JERUSALEM — Noam Chomsky, a fierce espouser of left-wing causes, is widely admired in countries which parade themselves as "democracies." Apparently, the admiration does not extend to Israel.
The 81-year-old world famous linguist from the Massachusetts Institute of Technology was denied access to the occupied West Bank when he tried to cross in from Jordan to deliver a lecture at the Palestinian Birzeit University.
Chomsky, who is Jewish and has spent time living in Israel in the 1950s, is not just an outspoken critic of the occupation. He has criticized Israel’s very foundation as a Jewish state.
Yet, he does not deny Israel’s right to exist and has supported the two-state solution.
A bizarre situation developed at the Allenby Bridge crossing point. The terminal is under Israeli military control.
Chomsky said inspectors had stamped "denied entry" onto his passport. When asked "why," they said an explanation would be sent in writing to the U.S. embassy.
The Israeli officials were "very polite," Chomsky added from Amman, but did not let him in because "the government does not like the kinds of things I say, and apparently also because I was due to lecture at a Palestinian university, and not at an Israeli university too."
The Chomsky incident is a further indication of erosion of Israel’s democracy that is happening almost unbeknownst to most Israeli Jews, and definitely unacknowledged by them.
This is reflected in a recent Tel Aviv University survey of attitudes towards free speech and civil liberties. Virtually all the people polled, 98 percent, said freedom of expression was "important," but the picture changed when the questions got into the details. The poll found that 57.6 percent of respondents agreed that human rights organizations that expose "immoral conduct" by Israel should not be allowed to operate freely. Eighty-two percent said they even back stiff penalties for people who leak illegally obtained information that exposes such conduct by the Israeli military. According to the poll most favor punishing other Israelis who support boycotts of Israel, and support punishing journalists who report news which reflects badly on the actions of the military. Overall, more than half agreed with the statement "there is too much freedom of expression in Israel." "Israelis have a distorted perception of democracy," Daniel Bar-Tal, the pollster, a professor at the university’s School of Education, told IPS. "We recognize the importance of democratic values, but when they need to be applied, it turns out most people are anti-democratic." In reaction to what some warn is "creeping fascism," most Israelis feel they face creeping international de-legitimization. "While we say Israel is the only democracy in the Middle East, in Europe they are beginning to think of us otherwise," bemoaned a Ben-Gurion University professor, David Newman. Incidents such as what is being called the Chomsky "mishap" usually create few waves in a country where democratic senses have been dulled by the creeping corrosion of Occupation on their society. This time there were impassioned reactions.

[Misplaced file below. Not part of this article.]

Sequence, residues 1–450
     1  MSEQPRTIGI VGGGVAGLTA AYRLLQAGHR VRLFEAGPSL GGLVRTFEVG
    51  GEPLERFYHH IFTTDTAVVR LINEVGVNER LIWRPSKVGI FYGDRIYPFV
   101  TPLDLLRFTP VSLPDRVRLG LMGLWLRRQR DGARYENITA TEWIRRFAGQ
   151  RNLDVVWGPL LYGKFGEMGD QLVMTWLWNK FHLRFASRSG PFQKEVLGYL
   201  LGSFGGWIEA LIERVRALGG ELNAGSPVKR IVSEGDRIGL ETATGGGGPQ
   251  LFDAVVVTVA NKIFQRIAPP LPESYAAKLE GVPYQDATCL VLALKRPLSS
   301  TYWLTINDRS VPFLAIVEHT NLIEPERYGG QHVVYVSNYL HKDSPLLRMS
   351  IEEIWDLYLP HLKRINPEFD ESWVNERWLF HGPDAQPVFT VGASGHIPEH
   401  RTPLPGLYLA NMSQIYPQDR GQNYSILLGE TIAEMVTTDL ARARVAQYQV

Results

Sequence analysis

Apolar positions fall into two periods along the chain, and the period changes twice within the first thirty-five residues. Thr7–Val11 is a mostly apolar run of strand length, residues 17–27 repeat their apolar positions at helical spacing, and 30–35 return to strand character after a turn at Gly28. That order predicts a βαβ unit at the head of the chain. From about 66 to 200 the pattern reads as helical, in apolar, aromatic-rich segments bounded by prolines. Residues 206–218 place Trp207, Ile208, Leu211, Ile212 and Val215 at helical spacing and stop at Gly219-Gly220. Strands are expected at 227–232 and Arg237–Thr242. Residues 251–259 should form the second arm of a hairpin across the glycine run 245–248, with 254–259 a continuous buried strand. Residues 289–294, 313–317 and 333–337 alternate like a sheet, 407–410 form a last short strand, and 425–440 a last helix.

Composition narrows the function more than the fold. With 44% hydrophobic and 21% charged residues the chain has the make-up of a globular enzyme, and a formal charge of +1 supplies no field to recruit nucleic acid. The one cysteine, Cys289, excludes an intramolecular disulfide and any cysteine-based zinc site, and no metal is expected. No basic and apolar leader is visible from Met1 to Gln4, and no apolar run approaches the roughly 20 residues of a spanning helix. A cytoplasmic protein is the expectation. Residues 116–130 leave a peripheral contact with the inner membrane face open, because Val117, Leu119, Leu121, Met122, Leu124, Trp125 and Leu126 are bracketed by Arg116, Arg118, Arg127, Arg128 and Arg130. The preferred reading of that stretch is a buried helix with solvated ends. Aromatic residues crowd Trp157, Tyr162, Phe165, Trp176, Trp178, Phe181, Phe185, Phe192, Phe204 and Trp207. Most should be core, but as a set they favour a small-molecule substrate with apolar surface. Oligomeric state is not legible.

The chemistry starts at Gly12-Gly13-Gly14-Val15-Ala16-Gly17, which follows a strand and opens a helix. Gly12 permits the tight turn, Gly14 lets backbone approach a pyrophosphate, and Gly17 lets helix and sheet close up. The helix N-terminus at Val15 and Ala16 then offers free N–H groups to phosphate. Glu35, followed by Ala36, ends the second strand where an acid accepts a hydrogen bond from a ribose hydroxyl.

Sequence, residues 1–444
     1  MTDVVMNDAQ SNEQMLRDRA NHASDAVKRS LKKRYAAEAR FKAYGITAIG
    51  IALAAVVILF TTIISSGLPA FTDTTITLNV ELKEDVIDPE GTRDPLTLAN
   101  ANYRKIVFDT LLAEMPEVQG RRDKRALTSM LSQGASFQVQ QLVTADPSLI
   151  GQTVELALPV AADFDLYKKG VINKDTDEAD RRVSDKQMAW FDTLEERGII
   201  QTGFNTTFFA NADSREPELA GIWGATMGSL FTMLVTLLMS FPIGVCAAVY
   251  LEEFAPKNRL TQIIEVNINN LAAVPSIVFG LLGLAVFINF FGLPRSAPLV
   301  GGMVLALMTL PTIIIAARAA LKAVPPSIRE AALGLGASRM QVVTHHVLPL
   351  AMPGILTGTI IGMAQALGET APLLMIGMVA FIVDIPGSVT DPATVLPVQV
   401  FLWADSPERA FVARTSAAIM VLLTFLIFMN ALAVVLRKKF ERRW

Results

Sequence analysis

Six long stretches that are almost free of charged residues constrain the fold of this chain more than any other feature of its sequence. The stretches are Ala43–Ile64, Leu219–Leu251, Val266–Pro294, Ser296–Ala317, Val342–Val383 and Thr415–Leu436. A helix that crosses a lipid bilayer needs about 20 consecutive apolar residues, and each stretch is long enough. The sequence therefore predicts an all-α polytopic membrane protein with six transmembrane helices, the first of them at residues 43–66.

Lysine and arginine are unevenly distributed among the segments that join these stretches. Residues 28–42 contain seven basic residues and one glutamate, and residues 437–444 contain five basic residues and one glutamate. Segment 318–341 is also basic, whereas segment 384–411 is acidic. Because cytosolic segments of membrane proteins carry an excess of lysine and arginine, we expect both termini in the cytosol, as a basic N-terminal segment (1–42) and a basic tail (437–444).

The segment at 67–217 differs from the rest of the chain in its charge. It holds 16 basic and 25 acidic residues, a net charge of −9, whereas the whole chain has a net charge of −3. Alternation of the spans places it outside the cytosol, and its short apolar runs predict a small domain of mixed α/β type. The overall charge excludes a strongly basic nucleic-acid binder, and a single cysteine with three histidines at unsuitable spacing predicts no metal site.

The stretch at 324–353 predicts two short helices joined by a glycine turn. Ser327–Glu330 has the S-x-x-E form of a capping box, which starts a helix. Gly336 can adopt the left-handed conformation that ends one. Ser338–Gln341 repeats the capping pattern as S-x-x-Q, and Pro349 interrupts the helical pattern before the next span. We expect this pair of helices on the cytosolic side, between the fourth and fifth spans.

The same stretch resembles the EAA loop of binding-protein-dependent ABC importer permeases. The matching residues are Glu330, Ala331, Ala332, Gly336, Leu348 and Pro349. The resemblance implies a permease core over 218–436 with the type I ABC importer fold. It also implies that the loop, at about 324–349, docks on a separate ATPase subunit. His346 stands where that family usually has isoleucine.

"This is a decision of principle between the democratic ideal – and we all want freedom of speech and movement – and the need to protect our existence," insisted Otniel Schneller of the centrist Kadima party. Speaking on Israel Radio, he said, "What would he say at Birzeit? That Israel kills Arabs, that Israel is an apartheid state?"
In another three months, Schneller maintained, an Israeli mother would be standing over her son’s grave, "the victim of incitement in the name of free speech."
In contrast, Boaz Okun, the legal commentator of Yedioth Ahronoth, the country’s most popular newspaper, wrote: This foolish act is only one in a series of follies. Taken together, they may mark the end of Israel as a law-abiding and freedom-loving state. At least, a large question mark looms over that notion."
In an editorial entitled "Declaring War on the Intellect," the liberal Haaretz wrote, "Israel has lost its last remnants of tolerance for anyone who does not join its shrinking chorus of supporters.
"One does not have to be an ardent Chomsky supporter to agree with his view that Israel is behaving like South Africa in the 1960s, when it understood that it was an outcast but thought it could solve the problem through better public relations."
That is the nub. The reactions to the Chomsky affair have been less the expression of an earnest soul-search about whether Israel is in the throes of intolerance or the impact of the country’s sagging international "image."
"Israel is proving more and more that the erosion of democracy does not always come from the barrel of a gun, but from petty border officials applying the strict bureaucratic rules dictating the tenets of a long-term occupation regime," Prof. Steven Aschheim, a Hebrew University historian, told IPS.
Mark Regev, a spokesman for Prime Minister Benjamin Netanyahu, insisted that "the idea that Israel prevents people critical of its policies from entering Israel is ludicrous – it’s not happening."
Chomsky appeared unready to take the chance of another "entry denied." Instead, he decided to relay the lecture by video conference from Amman.
(Inter Press Service)